French astronomer. He observed the transit of Venus and helped to calculate the size of the Solar System. He compiled a catalogue of 47,000 stars.
Lalande was born in Bourg-en-Bresse, near Lyon, and studied in Paris. He was appointed professor at the Collège de France in 1762 and during his tenure there he published Treatise of Astronomy (1764). In 1795 he was made director of the Paris Observatory.
In collaboration with French astronomer Nicolas de Lacaille at the Cape of Good Hope, South Africa, Lalande measured the lunar parallax and thus the distance from the Earth to the Moon in 1751.
Two transits of Venus, 1761 and 1769, offered the chance to establish accurately the size of the Solar System. Such transits occur twice within a period of eight years only every 113 years. During the transit, which takes approximately five hours, Venus can be seen silhouetted across the face of the Sun; the distance of the Earth from the Sun can be deduced by measuring the different times that the planet takes to cross the face of the Sun when seen from different latitudes on Earth. Lalande was responsible for coordinating expeditions to all corners of the world and collecting the results of observations.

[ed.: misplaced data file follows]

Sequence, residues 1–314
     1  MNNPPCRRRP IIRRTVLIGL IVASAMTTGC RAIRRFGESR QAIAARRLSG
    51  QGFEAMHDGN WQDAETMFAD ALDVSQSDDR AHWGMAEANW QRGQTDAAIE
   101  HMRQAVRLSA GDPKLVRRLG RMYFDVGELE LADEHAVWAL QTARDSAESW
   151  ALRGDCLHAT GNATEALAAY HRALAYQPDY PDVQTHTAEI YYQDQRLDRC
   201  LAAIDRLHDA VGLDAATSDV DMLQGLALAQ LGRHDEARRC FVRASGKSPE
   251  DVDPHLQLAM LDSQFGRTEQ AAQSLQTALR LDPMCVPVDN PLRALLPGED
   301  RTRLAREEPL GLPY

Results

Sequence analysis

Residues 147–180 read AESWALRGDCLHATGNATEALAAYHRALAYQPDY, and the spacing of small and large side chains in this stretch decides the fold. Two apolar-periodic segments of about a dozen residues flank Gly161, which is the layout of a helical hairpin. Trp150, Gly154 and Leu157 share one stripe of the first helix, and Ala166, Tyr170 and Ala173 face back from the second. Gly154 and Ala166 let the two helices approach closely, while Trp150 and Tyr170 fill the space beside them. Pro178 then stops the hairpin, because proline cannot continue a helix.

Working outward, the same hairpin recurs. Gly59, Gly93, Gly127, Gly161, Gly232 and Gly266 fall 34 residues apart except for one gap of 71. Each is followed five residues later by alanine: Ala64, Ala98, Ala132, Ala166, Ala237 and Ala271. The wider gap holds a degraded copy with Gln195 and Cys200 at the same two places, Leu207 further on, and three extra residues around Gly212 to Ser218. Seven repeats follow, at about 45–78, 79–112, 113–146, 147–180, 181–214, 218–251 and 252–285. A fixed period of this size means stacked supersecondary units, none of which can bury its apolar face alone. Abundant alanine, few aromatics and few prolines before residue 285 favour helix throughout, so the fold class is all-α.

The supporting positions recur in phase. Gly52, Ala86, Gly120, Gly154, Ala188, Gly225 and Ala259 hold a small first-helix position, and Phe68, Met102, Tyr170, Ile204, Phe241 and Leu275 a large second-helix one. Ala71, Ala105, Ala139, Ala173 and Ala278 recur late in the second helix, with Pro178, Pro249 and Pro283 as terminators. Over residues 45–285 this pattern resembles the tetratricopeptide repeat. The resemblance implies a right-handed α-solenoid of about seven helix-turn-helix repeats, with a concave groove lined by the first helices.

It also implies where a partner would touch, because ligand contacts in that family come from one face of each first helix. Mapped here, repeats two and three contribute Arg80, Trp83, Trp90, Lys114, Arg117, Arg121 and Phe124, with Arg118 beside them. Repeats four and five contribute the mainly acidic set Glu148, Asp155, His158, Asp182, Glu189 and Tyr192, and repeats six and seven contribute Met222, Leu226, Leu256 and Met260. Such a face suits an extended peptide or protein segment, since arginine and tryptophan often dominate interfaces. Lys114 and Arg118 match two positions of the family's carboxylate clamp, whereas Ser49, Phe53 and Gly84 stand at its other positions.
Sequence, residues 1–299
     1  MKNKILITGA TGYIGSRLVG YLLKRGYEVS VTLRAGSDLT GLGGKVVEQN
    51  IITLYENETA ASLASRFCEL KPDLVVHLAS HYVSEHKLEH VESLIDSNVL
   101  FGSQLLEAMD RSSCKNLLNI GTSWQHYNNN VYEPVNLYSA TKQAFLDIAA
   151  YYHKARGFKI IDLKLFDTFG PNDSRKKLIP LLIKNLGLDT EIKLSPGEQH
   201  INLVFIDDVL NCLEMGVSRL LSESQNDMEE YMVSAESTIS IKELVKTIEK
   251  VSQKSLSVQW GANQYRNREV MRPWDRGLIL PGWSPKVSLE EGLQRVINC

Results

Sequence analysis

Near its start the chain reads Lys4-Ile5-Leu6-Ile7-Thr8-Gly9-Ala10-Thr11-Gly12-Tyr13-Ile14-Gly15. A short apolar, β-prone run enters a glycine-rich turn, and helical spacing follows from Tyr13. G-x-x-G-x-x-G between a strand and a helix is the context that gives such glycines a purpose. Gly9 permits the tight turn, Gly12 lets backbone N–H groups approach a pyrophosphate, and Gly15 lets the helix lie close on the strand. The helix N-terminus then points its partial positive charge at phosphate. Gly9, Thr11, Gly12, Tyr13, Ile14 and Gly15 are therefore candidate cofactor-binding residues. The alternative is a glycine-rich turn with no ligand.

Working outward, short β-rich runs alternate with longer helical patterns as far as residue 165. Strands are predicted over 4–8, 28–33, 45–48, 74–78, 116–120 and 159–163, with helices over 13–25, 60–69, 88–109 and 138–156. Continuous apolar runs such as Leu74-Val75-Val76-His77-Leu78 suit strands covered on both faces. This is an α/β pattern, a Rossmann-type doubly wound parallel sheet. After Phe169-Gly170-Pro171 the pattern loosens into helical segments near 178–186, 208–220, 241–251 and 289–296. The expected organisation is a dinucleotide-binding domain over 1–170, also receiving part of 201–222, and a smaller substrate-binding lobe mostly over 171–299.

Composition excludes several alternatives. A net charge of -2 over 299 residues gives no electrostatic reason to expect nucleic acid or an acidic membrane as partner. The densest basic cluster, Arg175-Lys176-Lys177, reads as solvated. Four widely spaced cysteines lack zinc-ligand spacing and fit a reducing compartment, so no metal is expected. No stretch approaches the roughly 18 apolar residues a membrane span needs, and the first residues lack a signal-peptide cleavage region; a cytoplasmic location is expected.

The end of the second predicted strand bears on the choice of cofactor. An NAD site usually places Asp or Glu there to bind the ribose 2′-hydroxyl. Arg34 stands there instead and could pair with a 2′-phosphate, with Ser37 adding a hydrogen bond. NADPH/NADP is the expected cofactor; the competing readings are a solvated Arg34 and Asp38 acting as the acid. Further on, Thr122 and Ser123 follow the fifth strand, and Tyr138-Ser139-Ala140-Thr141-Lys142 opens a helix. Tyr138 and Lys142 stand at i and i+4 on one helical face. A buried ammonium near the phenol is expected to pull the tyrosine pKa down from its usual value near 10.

In 1802 he instituted the Lalande Prize for the chief astronomical achievement of each year. Among his publications are Traité d'astronomie (1764), Histoire céleste française (1801), containing the positions of 50,000 stars, and Bibliographie astronomique (1803).
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Lalande, (Joseph) Jérôme Le François
(1732-1807) French astronomer, skilled mathematician and observer and popularizer of astronomy, who became director of PARIS OBSERVATORY ...
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1. higher in station, rank, degree, or grade a superior officer. superiorly adverb 2. adjective /sə'pIəriə/ /suh'pearreeuh/ /su-/ /sooh-/ above t